“I asked, ‘Are we OK?’” Taylor recalled, “and he said, ‘Gene, we’re fine. I don’t just want guys; I want the right guys.’”
The right guys turned out to be a motley crew carefully assembled during that hot summer in the Flint Hills.
Nowell is the 5-foot-8 sparkplug that Kentucky coach John Calipari couldn’t get himself to call by name — “That little guy,” coach Cal said — after he’d minced up his own Wildcats in last weekend’s second-round tourney game.
Keyontae Johnson, voted an All-American alongside Nowell, was playing for Florida when he collapsed on the court during a game in December 2020. Most schools were unwilling to clear Johnson to play, due to his underlying heart condition, but Tang was willing to take every step and precaution necessary to get him back on the court.
Cam Carter came from Mississippi State, David N’Guessan from Virginia Tech. Desi Sills arrived from Arkansas State, Abayomi Iyiola from Hofstra. Nae’Qwan Tomlin, who never even played basketball in high school, signed out of junior college, and a pair of freshmen were sold on Tang’s unwavering vision for the future.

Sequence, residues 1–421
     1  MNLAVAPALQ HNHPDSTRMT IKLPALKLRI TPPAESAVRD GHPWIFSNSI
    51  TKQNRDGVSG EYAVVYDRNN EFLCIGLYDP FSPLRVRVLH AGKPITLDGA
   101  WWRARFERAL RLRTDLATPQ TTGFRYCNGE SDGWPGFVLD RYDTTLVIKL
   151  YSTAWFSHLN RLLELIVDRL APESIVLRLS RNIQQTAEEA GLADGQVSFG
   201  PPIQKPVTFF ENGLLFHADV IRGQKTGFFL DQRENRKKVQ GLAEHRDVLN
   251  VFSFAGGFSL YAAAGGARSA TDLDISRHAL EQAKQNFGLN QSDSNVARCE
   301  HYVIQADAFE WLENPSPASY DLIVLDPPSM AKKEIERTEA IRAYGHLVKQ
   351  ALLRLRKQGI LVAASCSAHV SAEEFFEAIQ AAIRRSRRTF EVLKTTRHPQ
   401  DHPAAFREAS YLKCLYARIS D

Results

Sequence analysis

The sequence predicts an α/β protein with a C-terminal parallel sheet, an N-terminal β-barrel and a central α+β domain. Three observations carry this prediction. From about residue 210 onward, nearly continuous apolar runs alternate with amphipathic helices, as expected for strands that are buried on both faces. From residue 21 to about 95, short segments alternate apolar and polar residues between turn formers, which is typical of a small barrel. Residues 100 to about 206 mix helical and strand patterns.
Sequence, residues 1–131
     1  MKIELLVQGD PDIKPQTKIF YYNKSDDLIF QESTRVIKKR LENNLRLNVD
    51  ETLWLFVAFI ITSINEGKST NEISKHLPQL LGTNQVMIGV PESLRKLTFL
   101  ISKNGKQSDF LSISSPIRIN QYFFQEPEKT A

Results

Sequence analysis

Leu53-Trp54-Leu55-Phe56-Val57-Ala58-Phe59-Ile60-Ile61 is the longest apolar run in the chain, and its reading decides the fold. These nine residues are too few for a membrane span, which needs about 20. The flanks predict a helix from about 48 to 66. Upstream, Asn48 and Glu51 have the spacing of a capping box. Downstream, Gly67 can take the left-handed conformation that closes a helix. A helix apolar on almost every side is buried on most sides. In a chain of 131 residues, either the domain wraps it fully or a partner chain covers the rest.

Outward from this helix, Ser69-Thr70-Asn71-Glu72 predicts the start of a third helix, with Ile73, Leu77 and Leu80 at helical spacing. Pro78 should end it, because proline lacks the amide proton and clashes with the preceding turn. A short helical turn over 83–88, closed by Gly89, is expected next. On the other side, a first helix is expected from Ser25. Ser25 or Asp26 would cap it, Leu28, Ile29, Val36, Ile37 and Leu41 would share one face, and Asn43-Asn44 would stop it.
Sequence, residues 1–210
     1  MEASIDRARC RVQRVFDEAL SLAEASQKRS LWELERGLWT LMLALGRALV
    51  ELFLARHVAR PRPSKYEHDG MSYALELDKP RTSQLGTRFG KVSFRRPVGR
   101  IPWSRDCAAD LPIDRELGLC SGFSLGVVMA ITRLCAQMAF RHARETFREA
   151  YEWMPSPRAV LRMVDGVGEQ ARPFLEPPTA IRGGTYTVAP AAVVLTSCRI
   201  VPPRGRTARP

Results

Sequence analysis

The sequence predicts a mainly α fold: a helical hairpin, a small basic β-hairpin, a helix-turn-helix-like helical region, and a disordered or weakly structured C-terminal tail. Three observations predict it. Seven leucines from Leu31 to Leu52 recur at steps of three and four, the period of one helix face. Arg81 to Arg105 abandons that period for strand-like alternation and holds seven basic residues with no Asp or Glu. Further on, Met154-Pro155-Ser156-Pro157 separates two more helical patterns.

“Nobody,” Kansas coach Bill Self said, “has done a better job of assembling talent in a short amount of time.”
Picked to finish last in the Big 12, the Wildcats finished third. The reward was a No. 3 seed in March Madness, where the Wildcats knocked off Montana State in the first round before toppling Kentucky last weekend.
Now, they’re just two more wins away from their first Final Four in nearly 50 years.
“I like doing first stuff, you know?” Tang says, leaning forward in a purple wingback chair in the corner of his office, where boxes still remain unpacked a year after moving in. “Players, you ask them, do you remember your first dunk? They all remember their first dunk. Do you remember your third dunk? They don’t. Do you remember your first girlfriend? My first girlfriend was Pam Hubbard. My last was Careylyen, and I married her.
“You remember your firsts and your lasts,” Tang says, “and I like firsts.”